‘No silver bullet’ for educating Yorkshire better

THERE is no “silver bullet” which Yorkshire can take from London schools, according to an education expert who has called on the region to find its own ways to raise standards.


The ‘London Effect’ sees students in the capital outperform pupils in Yorkshire by up to half a grade of progress at GCSE in all subjects over their time in secondary school.

This could mean the difference between gaining eight A grades compared to eight Bs, or eight Cs compared to eight Ds.

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New research has suggested that Londoners score higher GCSE results than those in the rest of the country because the capital’s schools have a higher proportion of pupils from ethnic minority backgrounds.

The new study by the Centre for Market and Public Organisation argues that the diversity of the city’s population explains the “London Effect”.

Ethnic minority pupils tend to achieve higher GCSE grades than those from a white British background, researchers suggest, and as they make up a large proportion of the student population in London’s schools, this help to boost the capital’s overall exam score.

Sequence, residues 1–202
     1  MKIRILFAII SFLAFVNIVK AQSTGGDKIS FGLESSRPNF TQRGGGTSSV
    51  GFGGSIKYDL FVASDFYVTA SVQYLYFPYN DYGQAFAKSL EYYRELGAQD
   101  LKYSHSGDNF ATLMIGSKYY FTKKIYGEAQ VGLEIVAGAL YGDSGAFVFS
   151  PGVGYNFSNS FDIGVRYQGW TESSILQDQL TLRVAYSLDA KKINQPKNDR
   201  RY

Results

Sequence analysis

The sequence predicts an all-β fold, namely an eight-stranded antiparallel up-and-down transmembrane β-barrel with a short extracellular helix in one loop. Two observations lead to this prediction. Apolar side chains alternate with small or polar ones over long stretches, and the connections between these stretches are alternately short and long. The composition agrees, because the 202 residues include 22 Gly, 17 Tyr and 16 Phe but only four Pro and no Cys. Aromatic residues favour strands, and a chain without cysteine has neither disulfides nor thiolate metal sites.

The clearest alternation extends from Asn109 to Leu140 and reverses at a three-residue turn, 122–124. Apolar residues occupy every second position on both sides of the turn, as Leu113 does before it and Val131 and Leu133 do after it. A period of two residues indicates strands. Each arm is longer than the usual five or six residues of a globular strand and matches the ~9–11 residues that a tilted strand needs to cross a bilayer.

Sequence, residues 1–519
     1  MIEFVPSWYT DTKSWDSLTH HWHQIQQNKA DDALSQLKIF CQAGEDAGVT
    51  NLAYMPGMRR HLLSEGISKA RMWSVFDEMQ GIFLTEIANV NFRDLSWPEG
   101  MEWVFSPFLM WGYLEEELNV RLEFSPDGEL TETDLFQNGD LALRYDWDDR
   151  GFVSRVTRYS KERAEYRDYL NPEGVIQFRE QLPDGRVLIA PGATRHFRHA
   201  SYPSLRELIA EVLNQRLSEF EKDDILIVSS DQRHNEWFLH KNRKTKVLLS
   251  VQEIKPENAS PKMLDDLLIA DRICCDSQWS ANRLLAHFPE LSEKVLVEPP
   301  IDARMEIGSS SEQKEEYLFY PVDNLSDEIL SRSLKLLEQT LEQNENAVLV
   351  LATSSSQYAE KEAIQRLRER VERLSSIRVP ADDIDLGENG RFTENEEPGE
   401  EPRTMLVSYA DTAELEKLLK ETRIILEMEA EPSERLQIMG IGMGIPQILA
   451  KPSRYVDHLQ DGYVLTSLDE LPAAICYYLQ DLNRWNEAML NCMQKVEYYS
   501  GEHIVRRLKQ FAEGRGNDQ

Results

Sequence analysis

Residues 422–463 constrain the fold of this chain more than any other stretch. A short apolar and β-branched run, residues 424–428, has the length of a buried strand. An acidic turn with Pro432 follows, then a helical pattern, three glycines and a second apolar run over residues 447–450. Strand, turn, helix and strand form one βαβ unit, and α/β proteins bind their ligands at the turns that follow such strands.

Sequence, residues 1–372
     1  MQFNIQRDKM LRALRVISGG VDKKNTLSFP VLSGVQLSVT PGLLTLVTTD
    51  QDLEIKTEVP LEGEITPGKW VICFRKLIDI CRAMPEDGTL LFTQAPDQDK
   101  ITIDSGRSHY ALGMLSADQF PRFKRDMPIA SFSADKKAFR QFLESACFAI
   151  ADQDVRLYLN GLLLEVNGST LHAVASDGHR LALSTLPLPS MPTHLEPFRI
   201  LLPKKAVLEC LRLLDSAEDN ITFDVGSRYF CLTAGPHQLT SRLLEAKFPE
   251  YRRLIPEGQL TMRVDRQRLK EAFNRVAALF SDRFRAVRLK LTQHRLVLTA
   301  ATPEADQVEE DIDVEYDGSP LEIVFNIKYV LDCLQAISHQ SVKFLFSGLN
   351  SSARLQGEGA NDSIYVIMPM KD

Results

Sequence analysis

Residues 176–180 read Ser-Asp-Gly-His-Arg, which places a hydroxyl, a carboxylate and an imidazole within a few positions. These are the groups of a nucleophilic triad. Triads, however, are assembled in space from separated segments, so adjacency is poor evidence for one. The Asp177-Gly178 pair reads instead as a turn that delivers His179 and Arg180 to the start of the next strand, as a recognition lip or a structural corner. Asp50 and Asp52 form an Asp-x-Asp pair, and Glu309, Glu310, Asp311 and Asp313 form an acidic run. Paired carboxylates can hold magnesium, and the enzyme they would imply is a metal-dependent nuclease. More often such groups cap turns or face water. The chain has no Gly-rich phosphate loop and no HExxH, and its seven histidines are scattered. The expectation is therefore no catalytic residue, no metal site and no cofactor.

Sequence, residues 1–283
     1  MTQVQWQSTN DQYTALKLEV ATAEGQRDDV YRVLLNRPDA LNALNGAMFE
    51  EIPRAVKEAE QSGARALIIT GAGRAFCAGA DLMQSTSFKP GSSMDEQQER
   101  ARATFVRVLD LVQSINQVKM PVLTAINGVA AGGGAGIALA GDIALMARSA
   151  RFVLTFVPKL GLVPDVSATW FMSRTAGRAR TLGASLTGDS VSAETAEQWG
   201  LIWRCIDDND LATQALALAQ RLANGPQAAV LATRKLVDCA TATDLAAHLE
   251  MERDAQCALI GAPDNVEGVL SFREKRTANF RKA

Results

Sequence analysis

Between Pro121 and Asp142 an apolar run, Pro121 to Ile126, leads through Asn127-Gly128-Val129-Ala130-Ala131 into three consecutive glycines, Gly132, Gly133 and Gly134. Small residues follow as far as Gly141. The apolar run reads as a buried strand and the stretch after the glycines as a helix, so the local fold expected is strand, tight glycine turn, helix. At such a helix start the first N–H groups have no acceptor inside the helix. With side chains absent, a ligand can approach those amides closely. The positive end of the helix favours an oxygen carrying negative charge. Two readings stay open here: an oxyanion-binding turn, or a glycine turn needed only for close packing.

The study by the centre based at Bristol University, analysed 2013 GCSE data for all pupils in state secondary schools in England. It looked at each student’s GCSE point score across their eight best subjects, against their attainment in exams taken at the end of primary school and examined other measures such as the percentage of students score at least five C grades at GCSE.

But Prof Mel Ainscow, an education expert who is helping to lead a new school improvement programme in Yorkshire, said the difference in results was down to a “complex series of factors”.

He said: “The most important thing is to understand the context in which schools are working and then develop an improvement programme specifically designed to that context.”

The latest national figures show that pupils in Yorkshire are already falling behind by the age of seven – particularly those in the region who have English as a second language.

DfE tables from last month revealed children with English as an additional language in Yorkshire do not get to the expected standard in writing and one-in-five do not achieve this in reading, according to assessments carried out by teachers.

The figures from the Department for Education show that while 87 per cent of seven-year-olds with English as an additional language across the country reach the expected level in reading, in Yorkshire the figure was 79 per cent.